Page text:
Bill Gross Warns Against Nationalizing Banks

“If you thought Lehman Brothers was a mistake, just standby and see what nationalizing Citi or BofA would do.”

Those dire words come from William H. Gross, who manages the largest bond mutual fund in the United States as the co-chief investment officer for the Pacific Investment Management Company.

In his March investment commentary, posted Tuesday on Pimco’s Web site, Mr. Gross weighed in on the great debate over whether troubled American banks should be taken over by the government. (In what we think is an unrelated development, he also talks about the disappearance of his mustache.)

Holders of bank shares, such as Citigroup and Bank of America, are watching the nationalization debate closely, because a government takeover would probably leave them wiped out, or at least severely diluted.

In arguing against nationalization, Mr. Gross takes aim at some notable figures — specifically Nouriel Roubini, the economics professor at New York University who predicted much of the current financial crisis; Christopher Dodd, the chairman of the Senate Banking Committee; and Alan Greenspan, the former chairman of the Federal Reserve.

All three of those people have recently suggested, to varying degrees, that while nationalization is usually to be avoided, temporarily taking control of some banks might be the best way for the government to calm the financial storm.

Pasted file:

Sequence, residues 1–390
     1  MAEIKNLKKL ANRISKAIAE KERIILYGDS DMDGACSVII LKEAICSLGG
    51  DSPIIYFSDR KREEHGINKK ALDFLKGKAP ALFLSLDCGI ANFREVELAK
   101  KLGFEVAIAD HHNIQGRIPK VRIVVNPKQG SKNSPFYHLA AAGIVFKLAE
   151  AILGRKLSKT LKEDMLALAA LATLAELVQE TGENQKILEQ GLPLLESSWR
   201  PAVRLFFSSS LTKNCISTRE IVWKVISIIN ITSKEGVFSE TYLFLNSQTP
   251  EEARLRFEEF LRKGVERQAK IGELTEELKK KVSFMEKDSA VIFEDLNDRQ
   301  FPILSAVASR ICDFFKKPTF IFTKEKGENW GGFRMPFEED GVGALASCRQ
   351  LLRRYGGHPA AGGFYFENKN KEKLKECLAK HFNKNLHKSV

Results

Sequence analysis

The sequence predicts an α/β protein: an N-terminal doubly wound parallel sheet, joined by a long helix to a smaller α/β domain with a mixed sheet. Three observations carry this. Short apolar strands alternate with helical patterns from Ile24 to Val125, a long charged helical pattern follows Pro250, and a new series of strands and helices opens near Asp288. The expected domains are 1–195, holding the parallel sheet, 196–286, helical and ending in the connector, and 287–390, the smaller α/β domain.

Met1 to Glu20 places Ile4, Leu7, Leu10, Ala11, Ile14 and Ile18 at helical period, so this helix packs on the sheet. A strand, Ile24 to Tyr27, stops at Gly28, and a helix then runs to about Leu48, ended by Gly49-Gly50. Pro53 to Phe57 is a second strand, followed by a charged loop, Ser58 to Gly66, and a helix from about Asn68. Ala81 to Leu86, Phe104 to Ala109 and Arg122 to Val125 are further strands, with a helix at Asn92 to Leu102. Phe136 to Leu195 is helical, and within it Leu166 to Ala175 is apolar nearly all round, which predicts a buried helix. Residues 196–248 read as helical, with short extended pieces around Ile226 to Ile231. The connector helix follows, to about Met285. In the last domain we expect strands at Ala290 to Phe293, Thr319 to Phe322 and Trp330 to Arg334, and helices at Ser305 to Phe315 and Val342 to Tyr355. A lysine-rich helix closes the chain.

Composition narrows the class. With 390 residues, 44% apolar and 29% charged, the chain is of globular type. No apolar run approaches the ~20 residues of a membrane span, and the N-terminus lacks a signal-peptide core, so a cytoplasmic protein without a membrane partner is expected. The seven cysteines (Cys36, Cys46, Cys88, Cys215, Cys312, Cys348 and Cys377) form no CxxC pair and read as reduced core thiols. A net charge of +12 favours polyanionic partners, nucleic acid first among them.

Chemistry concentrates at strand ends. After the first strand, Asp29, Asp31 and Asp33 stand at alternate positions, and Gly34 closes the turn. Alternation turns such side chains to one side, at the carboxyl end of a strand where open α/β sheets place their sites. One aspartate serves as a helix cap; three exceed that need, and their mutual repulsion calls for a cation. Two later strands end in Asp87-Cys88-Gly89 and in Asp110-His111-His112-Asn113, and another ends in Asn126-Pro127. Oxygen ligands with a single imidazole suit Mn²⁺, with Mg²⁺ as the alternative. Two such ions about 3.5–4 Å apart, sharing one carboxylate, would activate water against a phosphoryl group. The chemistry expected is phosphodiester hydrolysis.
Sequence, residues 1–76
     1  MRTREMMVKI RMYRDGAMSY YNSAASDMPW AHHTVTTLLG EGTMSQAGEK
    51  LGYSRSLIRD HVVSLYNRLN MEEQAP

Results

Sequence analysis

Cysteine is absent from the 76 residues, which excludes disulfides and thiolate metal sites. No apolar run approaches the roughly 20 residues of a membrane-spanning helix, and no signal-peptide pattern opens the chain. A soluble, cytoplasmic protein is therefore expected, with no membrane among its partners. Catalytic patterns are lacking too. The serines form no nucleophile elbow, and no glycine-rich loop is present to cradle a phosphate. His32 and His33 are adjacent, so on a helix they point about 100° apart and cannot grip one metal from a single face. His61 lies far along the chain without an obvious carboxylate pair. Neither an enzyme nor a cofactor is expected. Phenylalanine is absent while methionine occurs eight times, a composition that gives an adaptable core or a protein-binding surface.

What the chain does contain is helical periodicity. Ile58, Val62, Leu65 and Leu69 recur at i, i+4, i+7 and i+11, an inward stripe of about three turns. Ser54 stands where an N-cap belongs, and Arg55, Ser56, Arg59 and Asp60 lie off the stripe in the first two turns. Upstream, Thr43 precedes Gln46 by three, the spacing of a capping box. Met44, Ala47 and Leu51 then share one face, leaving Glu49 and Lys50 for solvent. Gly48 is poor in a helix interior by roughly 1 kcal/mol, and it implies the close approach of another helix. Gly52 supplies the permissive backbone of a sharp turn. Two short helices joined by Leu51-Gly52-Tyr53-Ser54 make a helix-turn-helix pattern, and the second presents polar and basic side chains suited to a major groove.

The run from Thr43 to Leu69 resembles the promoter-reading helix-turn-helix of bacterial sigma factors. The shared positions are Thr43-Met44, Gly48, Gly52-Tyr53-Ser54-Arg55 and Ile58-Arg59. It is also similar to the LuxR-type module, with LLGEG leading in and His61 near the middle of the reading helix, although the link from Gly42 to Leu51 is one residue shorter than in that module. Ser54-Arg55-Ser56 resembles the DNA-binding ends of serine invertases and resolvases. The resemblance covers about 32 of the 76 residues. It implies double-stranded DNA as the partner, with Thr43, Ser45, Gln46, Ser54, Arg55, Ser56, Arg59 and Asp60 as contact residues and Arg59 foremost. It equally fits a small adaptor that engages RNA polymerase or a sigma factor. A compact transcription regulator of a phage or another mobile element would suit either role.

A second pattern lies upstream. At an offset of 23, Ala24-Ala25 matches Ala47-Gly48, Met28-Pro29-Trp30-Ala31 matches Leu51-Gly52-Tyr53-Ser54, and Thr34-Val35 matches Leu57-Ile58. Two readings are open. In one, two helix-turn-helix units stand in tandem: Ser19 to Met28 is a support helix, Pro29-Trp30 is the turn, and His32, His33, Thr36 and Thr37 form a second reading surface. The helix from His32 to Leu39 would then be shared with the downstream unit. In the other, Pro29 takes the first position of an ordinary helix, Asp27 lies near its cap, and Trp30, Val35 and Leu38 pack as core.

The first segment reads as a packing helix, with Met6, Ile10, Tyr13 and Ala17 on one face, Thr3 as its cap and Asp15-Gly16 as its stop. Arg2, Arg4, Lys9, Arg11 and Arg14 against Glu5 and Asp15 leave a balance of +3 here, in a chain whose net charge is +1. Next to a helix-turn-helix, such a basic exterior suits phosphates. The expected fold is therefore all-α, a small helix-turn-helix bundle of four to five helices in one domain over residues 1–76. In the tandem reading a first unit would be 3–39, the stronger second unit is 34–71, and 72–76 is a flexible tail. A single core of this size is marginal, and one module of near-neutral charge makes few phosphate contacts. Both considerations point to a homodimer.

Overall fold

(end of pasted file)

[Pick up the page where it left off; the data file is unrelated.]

Not so, Mr. Gross says in his commentary, which is structured as a question-and-answer session before members of Congress.

“I think Roubini, Dodd and Greenspan haven’t thought this one through,” Mr. Gross says in his mock testimony.

Making reference to the much-discussed Swedish solution to that country’s banking crisis in the early 1990s, he continued: “The U.S. isn’t Sweden, and not just because our blondes aren’t au naturel,” he writes. “Their successful approach revolved around a handful of banks but we have 7,500, as well as many S&Ls and credit unions, which would have to be flushed into government hands.”

Instead, he says, Washington should focus on creating credit and preventing more home foreclosures.

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Of course, for a bond-fund manager like Mr. Gross, the issue is hardly just an academic one. Shareholders are sure to suffer in a bank nationalization, but holders of bonds might get hit as well — an event that Mr. Gross says would roil the credit markets even more.

He writes:

"Forcing creditors to take haircuts would undermine other financial sectors such as insurance companies and credit unions. The goal of future policy should be to recapitalize lending institutions while maintaining the basic infrastructure of credit markets. Outright nationalization and haircutting of creditors will do just the opposite."